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The fount, re-appearing,
From the rain-drops shall borrow; But to us comes no cheering,
To Duncan no morrow!
The hand of the reaper
Takes the ears that are hoary, But the voice of the weeper
Wails manhood in glory. The autumn winds rushing,
Waft the leaves that are searest, But our flower was in flushing
When blighting was nearest.
Fleet foot on the correi,*
Sage counsel in cumler,t Red hand in the foray, I
How sound is thy slumber! Like the dew on the mountain,
Like the foam on the river, Like the bubble on the fountain, Thou art gone-and for ever !
SIR WALTER SOOTT,
THE LITTLE BOY THAT DIED.
I WENT one night to iny father's house
Went home to the dear ones all,
And softly the door of the hall :
She kissed me, and then she sighed,
For the little boy that died.
And when I gazed on his innocent face,
As still and cold he lay,
* Correi, the hollow side of the hill, where game isually lies. + Cumber', perplexity. Foray (forage), a plundering expedition.
And thought what a lovely child he had been,
And how soon he must decay; “O Death! thou lovest the beautiful,”
In the woe of my spirit I cried ; For sparkled the eyes, and the forehead was fair,
Of the little boy that died.
Again I will go to my father's house,
Go home to the dear ones all,
And sadly the door of the hall :
With her darling by her side ;
For the little boy that died.
I shall miss him when the flowers come
In the garden where he played ;
When the flowers have all decayed :
And the horse he used to ride ;
J. D. ROBINSON.
An old man sits in a high-backed chair,
Before an open door,
Falls hot across the floor;
Has notched the hour of four.
A breeze blows in and a breeze blows out,
From the scented summer air ;
And now it lifts his hair ;
And the leaden lid of his eye droops down,
And he sleeps in his high-backed chair.
The old man sleeps, and the old man dreams;
His head droops on his breast, His hands relax their feeble hold,
And fall to his lap in rest : The old man sleeps, and in sleep he dreams,
And in dreams again is blest.
The years unroll their earful scroll
He is a child again ;
And drift across his brain;
Far down the rolling plain ;
He plucks the wild-rose in the woods,
And gathers eglantine;
Beneath his sister's chin;
With a bent and naked pin ;
He loiters down the grassy lane,
And by the brimming pool;
As he hears the bell for school ;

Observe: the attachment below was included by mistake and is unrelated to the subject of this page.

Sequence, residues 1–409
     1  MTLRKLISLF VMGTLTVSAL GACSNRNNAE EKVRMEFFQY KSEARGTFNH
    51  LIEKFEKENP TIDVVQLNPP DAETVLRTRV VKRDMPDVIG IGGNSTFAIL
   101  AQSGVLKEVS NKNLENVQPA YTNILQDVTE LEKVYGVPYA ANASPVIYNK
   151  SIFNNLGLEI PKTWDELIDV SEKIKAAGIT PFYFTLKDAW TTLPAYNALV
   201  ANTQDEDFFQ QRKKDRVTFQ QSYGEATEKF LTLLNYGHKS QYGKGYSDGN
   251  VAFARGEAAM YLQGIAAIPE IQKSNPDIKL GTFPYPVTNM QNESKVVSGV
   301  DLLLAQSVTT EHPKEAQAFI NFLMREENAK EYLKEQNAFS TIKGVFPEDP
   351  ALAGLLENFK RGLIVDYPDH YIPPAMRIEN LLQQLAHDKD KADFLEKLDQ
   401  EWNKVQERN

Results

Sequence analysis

And the morning never dull.
A mother's hand pressed on his head,
Her kiss is on his brow-
With the toss of a leafy bough ;
THE BLIND DEAF-MUTE.
It seemed at first a mournful sight
That little room to me revealed :
Her lips in hopeless silence sealed.
Her tender frame by suffering wrung"A bitter lot is thine,” I said ;
"A heavy cross for one so youny."
But, oh! far otherwise I mused,
When once I saw, with glad surprise, How this meek lamb, so sorely bruised,
To the Good Shepherd raised her eyes. How patient on His breast she lay,
And kissed the hand of chastening love; And bless'd the dark and rugged way
That led her to His fold above !
Sweet child ! so greatly tried and blest,
Thou soon wilt lay thy burden down ;--The rougher road, the happier rest;
The heavier cross, the brighter crown. For days of darkness, yet to thee
Shall everlasting light be given; And the first face that thou shalt see
Will be thy Saviour's face in heaven.
That fettered tongue, here mute so long,
Shall burst its bonds in sudden praise ; Its first glad words will be the song
Which round the throne the ransomed raise. From sufferings freed, and free from sin,
And in unclouded light to shine,If faith can such a triumph win, Sweet child, a blessed lot is thine !
Rev. J. D. BURNS.
LITTLE SHOES AND STOCKINGS.
LITTLE shoes and stockings !
What a tale ye speak, Of the swollen eyelid,
And the tear-wet cheek; Of the nightly vigil,
And the daily prayer; Of the buried darling,
Brightly plaided stockings,
Of the finest wool ;
Each a stocking-ful;
Shoes that nevermore
From the toy-strewn floor.
Not the wealth of Indies
Could your worth eclipse,
Pressed to whitened lips,
From the world apart,
That has pierced her heart.
Eyes of heaven's blue;
Pearls, just peeping throughı;
Round her neck at eve;-
These the dreams ye weave.
Of the world of bliss,